On 13 April, 2011 over 4,000 residents of the town of Ficksburg, in the Free State province, convened to hold a protest over a wide range of issues related to growing dissatisfaction with the provision of public services in the area. Tensions quickly reached boiling point; as police rushed to disperse crowds and arrest protesters they saw as instigators of violence, an unarmed protester named Andries Tatane was shot twice in the chest at close range as he resisted arrest when faced by several police officers. His death sparked outrage and questions over the SAPS’s Standing Order 262 from 2004 – which demands that police use minimum force, and prohibits the use of sharp ammunition for crowd management operations – having been violated numerous times during protests in recent years. The death of Tatane has been the catalyst for the questioning of police training and resultant behavior during service delivery protests which have the propensity to turn violent with very little or no notice. Unfortunately as the most recent incidents indicate, very few or inadequate measures have been taken to realistically affect changes in the methods which police choose to approach ‘public-order policing incidents’.
Millions of South African citizens are registered to vote in the country’s upcoming elections in 2014; millions of these individuals also live below the UN poverty index of $1.25 a day, many of whom also reside in the areas hardest hit by poor service delivery and the resultant protests. Not only is an escalation in political campaigning centred around these issues very likely, but an escalation in citizens’ robust disapproval where these services are lacking is also a given. Another factor is the growing hostility towards police action in response to protests; some demonstrations begin as service delivery orientated, and quickly turn into criticisms and anger at deaths caused by police action. Indeed, in a bid to prevent such incidents, police have become more likely to reduce the number of protests applied for in highly populated areas such as Cape Town and Johannesburg’s city centres in a bid to prevent the potential outbreak of violence. Unfortunately, this will not prove as effective in the lower-income areas surrounding these and other cities. In these areas, the vast majority of demonstrations focused solely on service delivery grievances and less on political party campaigning.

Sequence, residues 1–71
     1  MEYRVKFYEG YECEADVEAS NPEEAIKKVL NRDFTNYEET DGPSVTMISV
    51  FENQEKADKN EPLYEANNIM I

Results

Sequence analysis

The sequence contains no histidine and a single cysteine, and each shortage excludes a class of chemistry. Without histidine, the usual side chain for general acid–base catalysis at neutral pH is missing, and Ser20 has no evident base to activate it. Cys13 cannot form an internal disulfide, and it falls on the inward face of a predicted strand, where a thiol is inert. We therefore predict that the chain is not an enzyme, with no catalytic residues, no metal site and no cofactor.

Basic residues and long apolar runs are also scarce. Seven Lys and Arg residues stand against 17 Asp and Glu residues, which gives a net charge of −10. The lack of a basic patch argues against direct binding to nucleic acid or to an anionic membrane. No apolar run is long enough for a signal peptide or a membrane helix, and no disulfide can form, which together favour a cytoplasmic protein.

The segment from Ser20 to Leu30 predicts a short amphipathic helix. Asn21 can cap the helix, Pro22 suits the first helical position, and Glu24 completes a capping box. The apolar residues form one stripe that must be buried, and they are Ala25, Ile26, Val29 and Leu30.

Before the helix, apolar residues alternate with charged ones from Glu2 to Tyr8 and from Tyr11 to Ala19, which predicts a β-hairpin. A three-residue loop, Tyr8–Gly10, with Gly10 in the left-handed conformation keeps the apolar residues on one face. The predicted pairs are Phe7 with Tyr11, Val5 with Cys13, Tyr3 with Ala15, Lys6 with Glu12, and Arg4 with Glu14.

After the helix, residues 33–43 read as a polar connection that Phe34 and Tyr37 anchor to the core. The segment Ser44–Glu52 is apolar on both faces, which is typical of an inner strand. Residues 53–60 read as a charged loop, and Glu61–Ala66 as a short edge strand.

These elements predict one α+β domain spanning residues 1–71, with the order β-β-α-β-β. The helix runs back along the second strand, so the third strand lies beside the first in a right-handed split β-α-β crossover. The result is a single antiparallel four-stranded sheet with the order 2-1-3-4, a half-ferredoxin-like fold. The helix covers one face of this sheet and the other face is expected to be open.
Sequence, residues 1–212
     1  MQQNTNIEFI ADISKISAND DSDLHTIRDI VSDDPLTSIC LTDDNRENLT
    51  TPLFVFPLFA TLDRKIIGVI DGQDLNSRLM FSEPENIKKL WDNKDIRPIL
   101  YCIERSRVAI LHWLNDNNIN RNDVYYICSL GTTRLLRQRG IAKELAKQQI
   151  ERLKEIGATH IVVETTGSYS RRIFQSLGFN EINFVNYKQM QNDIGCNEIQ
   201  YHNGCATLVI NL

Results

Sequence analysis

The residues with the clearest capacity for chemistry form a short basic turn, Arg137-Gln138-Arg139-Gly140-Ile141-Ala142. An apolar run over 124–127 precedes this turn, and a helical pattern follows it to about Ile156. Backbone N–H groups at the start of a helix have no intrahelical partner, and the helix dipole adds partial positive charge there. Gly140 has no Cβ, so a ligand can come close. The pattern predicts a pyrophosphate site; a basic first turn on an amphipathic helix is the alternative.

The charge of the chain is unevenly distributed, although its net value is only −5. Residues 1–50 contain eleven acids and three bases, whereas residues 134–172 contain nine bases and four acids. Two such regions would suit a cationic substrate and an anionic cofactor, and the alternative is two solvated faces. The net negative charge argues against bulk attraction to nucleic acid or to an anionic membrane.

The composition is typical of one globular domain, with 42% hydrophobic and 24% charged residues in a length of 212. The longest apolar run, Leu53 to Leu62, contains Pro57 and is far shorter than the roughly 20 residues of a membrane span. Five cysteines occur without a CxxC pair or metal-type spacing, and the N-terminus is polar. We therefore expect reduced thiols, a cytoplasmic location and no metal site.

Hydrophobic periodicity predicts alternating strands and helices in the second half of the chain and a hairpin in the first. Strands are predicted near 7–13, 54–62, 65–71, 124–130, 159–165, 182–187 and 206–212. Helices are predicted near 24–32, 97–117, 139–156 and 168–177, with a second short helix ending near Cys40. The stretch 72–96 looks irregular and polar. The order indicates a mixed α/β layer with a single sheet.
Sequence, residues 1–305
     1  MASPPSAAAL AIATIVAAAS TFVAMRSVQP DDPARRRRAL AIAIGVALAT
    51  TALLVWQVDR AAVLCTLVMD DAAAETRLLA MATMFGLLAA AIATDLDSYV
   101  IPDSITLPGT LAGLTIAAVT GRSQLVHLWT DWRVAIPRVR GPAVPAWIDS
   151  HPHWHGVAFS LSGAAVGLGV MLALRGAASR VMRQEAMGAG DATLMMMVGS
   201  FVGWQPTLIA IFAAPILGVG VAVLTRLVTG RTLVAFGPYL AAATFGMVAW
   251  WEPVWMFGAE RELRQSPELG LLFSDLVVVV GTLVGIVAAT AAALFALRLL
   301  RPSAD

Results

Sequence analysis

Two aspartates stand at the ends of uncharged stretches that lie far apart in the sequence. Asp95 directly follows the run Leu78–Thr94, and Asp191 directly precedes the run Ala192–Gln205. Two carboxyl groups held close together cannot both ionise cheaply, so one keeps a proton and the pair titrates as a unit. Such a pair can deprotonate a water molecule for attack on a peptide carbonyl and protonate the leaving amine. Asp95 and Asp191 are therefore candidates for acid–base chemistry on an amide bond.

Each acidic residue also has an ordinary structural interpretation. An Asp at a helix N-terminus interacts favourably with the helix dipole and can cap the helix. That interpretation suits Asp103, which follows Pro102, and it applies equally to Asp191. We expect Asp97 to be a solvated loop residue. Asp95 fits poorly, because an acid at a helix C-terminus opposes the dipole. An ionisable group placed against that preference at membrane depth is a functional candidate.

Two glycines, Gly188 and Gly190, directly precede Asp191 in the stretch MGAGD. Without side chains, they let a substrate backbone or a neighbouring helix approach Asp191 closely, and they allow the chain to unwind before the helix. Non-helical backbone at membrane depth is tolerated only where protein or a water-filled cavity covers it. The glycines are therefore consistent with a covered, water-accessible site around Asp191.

A solution to this issue is not simple nor can it be undertaken with significant success in the period remaining before elections. Either the delivery of public goods and services will have to improve rapidly in areas where it barely existed before, or police officers across South Africa’s most economically vulnerable areas will have to undergo intensive training to significantly review current methods of crowd control while at the same time policing those protests that are likely to occur in coming weeks. Essentially, this is what will characterise the 2014 general elections when they are remembered in the years following 2014.